• “half the nation’s 20 million college students” are considered commuters~ Sloane, May 13, 2008
    • 18. there is a void in professional literature as it related to commuter campuses and the learning commons concept
    5
  • 19. Key Sources Reviewed
    “Information Arcade” at the University of Iowa (Lowry, 1994)
    “Learning commons” and “information commons” (Beagle, Russell, & Bailey, 2006)
    Intersection of content, technology, and services to support student learning.” (Lippincott, 2006)
    “Diversity within the Learning Commons” (Franks & Tosko, 2007)
    “Blended learning” (Garrison & Kanuka, 2004)
    Regional campus learning commons (Ohio University's News & Information, January 18, 2007)
    6
  • 20. Learning Commons Project: Main Campus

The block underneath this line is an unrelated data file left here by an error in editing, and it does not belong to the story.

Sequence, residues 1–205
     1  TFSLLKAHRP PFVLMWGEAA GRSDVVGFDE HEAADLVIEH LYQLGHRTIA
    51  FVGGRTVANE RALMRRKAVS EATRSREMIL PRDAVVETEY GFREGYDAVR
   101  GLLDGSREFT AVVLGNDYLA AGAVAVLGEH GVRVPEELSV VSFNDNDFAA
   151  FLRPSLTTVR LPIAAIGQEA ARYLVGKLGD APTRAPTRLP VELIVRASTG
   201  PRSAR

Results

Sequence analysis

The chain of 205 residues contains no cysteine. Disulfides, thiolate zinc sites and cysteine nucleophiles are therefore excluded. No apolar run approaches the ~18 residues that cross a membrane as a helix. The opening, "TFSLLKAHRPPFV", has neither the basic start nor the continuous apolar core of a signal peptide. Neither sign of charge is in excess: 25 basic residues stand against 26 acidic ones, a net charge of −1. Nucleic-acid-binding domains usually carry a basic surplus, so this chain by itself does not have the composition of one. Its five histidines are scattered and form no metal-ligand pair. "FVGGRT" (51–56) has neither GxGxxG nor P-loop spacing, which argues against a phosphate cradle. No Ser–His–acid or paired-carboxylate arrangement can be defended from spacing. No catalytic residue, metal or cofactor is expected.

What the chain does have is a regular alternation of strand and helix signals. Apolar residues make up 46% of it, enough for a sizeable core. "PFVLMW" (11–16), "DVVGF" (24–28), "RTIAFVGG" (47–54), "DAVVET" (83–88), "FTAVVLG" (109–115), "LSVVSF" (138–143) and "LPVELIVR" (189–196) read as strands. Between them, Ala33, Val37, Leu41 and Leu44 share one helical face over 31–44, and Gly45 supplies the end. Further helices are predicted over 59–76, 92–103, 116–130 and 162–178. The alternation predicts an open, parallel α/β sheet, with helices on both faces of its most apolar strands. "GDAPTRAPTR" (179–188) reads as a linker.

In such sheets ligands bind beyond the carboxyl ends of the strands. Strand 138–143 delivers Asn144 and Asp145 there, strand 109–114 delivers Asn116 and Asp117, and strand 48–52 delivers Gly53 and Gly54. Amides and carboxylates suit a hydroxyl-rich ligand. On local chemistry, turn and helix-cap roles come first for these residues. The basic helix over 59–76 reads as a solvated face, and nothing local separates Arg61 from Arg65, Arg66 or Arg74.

• University of Connecticut is state flagship institution with over 29,000 students
    • 21. Homer Babbidge Library partnered with Institute for Teaching and Learning to build on existing elements
    • 22. Consolidated academic support services, created new learning spaces, support for Gen. Ed. requirements
    7
  • 23. Funding from Multiple Sources
    • Partnered with Foundation
    • 24. Campus partners provided equipment and furniture
    • 25. Library budget funded iStudios
    8
  • 26. Collaboration Station with bullet table
    Writing Center area
    9
  • 27. suburban, metropolitan issues, public policy and health policy. 1,299 undergrads; 1,470 grad
    10
    Greater Hartford
    rural, arts & humanities; 273 undergrads
    urban, civic & community engagement. 909 undergrads; 138 grad
    Long Island Sound,marine sciences /maritime studies. 713 undergrads; 38 grad